D: When Dike Blair was my teacher at RISD, the advice he had for me starting to live as an artist in New York, was “there's no way to do it unless you just get a good group of artist friends, that's the best chance you've got.” You get a group of friends, and together, you try to figure it out. It's not necessarily about the work, but about this collective energy, and whose attention you can draw on, and from there you can show people your work.”

 

R: I love that advice, Dike was the teacher that you really connected with. He was kind of an academic artist, which I felt none of us really were.

 

D: Well, I feel like you were a photo expert, but in terms of greater art history, as a group, we definitely weren’t academics. Much later on when we met Nate Lowman and Banks Violet and Gardar Eide Einarsson, they were all grad students. They really knew art history. Our cache was that we were local. We came from here, we were all downtown kids, who were more in the scene. We didn't even know about historical artistic movements.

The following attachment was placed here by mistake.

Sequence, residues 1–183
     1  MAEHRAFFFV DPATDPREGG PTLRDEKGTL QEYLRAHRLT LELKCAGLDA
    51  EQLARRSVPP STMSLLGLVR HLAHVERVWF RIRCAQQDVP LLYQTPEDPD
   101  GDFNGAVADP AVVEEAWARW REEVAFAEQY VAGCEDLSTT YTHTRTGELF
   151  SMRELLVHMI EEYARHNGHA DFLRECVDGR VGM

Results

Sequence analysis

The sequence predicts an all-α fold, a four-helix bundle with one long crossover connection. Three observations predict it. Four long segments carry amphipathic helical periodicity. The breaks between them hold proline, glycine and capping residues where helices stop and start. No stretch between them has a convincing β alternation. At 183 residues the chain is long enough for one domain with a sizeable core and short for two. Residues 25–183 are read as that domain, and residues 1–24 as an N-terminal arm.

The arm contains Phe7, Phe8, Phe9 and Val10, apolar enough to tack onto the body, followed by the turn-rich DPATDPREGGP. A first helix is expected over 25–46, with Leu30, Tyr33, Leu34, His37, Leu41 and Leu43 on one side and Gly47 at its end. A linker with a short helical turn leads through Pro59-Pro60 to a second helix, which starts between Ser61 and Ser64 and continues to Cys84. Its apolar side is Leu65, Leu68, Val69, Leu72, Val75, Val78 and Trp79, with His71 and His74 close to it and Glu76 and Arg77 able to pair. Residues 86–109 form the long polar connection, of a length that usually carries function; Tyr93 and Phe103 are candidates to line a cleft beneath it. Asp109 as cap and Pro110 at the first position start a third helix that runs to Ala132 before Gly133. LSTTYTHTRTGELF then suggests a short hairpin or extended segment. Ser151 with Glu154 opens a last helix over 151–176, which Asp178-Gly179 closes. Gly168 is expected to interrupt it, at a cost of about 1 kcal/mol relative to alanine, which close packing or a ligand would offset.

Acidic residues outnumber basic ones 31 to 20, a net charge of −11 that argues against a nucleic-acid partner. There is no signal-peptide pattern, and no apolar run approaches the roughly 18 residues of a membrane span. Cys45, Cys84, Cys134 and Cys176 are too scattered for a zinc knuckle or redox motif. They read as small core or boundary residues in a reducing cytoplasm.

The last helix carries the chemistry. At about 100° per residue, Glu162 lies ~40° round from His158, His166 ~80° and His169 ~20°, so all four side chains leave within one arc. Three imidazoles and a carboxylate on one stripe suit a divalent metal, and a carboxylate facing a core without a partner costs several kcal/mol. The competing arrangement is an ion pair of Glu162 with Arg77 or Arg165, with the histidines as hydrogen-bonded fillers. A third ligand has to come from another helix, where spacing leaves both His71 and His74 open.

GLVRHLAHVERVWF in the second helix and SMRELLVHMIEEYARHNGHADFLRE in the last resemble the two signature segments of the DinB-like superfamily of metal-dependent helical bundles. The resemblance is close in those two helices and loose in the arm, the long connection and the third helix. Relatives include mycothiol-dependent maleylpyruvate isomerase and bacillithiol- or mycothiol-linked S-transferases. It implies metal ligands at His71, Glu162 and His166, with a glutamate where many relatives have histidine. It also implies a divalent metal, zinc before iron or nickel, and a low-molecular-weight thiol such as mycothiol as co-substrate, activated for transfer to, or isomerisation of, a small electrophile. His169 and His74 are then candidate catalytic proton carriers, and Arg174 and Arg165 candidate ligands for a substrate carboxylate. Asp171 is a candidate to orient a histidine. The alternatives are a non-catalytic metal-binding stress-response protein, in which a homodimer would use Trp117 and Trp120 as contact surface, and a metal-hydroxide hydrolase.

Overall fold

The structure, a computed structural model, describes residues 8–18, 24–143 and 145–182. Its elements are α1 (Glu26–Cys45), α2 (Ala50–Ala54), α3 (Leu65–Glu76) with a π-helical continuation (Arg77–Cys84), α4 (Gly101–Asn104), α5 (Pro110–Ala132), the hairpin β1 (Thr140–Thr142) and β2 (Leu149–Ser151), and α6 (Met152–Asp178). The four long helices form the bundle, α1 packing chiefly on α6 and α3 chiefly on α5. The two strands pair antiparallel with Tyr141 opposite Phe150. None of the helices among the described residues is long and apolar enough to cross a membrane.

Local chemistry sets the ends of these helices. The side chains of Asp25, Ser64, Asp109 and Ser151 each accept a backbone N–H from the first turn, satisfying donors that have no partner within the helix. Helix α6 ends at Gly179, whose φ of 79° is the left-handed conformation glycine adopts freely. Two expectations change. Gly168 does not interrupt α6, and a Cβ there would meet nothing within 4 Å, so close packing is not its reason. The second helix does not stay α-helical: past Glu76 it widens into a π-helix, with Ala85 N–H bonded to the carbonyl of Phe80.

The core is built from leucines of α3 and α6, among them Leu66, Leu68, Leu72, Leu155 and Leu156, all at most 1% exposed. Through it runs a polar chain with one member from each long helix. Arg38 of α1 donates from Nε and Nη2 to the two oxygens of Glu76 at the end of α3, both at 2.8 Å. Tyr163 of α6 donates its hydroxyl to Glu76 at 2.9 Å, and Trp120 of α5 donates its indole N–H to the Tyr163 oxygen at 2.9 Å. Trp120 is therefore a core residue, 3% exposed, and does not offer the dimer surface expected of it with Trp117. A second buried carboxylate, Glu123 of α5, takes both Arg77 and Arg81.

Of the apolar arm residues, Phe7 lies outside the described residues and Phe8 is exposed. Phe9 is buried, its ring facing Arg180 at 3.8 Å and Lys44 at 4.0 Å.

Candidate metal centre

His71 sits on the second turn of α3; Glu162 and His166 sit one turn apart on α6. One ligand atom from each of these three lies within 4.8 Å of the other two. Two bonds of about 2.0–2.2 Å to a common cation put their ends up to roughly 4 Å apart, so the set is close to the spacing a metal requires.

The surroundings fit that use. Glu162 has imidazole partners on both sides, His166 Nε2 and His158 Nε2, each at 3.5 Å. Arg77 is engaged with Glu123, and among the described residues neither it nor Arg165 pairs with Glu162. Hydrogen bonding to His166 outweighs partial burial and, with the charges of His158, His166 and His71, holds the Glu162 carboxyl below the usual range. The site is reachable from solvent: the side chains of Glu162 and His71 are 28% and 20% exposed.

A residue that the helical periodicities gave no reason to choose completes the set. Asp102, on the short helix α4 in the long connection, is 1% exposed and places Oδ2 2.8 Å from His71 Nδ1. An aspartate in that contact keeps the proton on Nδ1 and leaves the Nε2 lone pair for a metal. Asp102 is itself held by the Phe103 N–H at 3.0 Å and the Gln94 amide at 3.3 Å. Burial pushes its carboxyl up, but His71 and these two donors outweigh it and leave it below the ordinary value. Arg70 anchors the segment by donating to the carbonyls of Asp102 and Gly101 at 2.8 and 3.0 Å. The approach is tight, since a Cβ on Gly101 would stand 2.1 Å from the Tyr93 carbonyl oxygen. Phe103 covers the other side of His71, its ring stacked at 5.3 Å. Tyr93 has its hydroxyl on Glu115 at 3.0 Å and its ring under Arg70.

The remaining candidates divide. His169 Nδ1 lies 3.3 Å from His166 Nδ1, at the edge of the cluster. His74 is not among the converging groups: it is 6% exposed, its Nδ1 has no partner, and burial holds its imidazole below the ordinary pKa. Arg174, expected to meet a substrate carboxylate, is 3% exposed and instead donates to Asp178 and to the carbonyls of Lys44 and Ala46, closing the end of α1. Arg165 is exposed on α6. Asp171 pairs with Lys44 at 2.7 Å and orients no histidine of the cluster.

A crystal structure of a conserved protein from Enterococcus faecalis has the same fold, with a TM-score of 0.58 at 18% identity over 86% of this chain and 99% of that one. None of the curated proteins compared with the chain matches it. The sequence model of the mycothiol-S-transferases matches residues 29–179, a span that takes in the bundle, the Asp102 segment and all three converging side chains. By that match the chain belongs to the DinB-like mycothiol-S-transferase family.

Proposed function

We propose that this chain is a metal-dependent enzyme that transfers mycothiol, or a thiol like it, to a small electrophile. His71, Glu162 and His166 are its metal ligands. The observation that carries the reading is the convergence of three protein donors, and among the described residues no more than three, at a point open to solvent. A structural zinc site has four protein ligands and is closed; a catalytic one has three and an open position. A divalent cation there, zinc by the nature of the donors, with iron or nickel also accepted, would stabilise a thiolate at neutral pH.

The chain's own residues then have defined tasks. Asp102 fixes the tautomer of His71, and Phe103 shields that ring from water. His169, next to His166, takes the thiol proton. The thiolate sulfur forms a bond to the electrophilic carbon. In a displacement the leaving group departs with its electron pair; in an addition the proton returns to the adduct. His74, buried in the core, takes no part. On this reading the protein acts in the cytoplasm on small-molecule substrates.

R: We had street cred.

 

D: But then you went and got a fucking show at the Whitney; none of us had a gallerist, none of us knew what any of this shit meant, then you got a show at the Whitney, and that's art history, that's the art institution. So it made something realistic. Until you did that, so many things were never going to be possible, and then it was almost like anything was possible. It was really important for me. Your early ambition and ability to do it yourself, and ability to connect, meet, and seduce, were massive inspirations to me. Even before there was anyone saying, "yeah, let's give it to him," you were just taking it. You’re first DIY show at 420 Broadway was inspirational. You felt like your photos were art, and you felt that someone should hang it and people should see it. You didn't know enough to know that that's not how you do it. So you just did it.